Last summer, one of our casual gatherings at the Department of Sociology and Anthropology directed us to a conversation about making sociology and anthropology more understandable and less complicated to incoming college students. As we shared ideas that bounced between comical and desperate, a rare printed copy of the first issue of Verstehen (1999) glistened on top of Nota Magno’s desk.
Our idea of making this publication more accessible to today’s crop of students did not mean that we would be putting sexy sociological and anthropological jargon in ordinary sentences. Central to our commitment was to simplify these concepts and make people see how sociology and anthropology enable us to more deeply understand, not only our day to day social experiences but also the events and phenomena taking place around us.
With that, the online reincarnation of Verstehen was launched exactly a year ago.
As we look back at the past twelve months, we are reminded of why we continue to exert time and effort to this endeavor.
Over the next few weeks, we will attempt to feature, thematically, the concepts of social exclusion and deviance. Social exclusion involves the ways by which individuals or groups are kept from accessing certain privileges, rights, resources, and activities. Deviance, on the other hand, involves not only the violation of social and cultural norms, but also the judgment of an act as bad, and the subsequent sanctioning of the norm violator. In some cases, they complement one another.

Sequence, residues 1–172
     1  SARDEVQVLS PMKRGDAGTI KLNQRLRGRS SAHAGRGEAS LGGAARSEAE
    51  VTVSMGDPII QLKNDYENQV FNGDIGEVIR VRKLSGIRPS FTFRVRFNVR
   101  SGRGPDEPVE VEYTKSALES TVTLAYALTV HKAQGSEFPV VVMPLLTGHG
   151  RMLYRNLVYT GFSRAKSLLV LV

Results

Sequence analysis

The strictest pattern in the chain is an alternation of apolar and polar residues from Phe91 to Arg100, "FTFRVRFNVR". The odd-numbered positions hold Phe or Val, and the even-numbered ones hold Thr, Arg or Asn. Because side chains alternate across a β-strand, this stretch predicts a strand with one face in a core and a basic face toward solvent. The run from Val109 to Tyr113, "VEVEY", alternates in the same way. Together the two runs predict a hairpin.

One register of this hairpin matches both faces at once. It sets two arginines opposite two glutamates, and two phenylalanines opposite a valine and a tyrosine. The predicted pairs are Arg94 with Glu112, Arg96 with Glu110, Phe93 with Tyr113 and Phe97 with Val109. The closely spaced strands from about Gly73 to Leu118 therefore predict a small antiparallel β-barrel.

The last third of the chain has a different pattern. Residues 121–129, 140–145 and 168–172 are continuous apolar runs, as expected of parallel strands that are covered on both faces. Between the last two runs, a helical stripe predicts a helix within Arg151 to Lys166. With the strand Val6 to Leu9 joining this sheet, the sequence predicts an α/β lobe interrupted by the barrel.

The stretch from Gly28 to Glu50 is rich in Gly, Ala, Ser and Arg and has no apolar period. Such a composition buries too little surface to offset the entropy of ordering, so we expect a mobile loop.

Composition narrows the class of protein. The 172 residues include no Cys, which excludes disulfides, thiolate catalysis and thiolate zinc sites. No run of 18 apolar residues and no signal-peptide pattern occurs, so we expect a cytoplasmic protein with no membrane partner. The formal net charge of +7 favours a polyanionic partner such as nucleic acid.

For instance, people in power, and not necessarily the majority, are usually the ones who can make their definitions of what is right and wrong prevail. As such, those with less power and little access to resources – the marginalized – often bear the brunt (and the corresponding punishment) of being called deviant, a judgment that can lead to further marginalization.
Social exclusion and deviance are two very crucial terminologies in the realm of sociology and anthropology. Both have spurred various intellectual trends and fundamental movements across the world.
Many scholars have studied the lives of marginalized individuals who live in the shadows. The discovery of the experiences of the marginalized and other groups has spurred many to rise to the call for social change.
In exploring these themes, we hope that you will become more aware of the often unheeded social realities of disadvantaged groups in your own surroundings. And as you read on, we challenge you to uncover the different social forces that put these groups in their position and to create possible ways of overcoming these structures.
We invite you again to use your sociological imagination and anthropological curiosity and see your social world from a different perspective.
Indeed, it’s been one year. Once again, we are humbly reminded why we continue to breathe life to this endeavor for readers like you.
Our journey continues.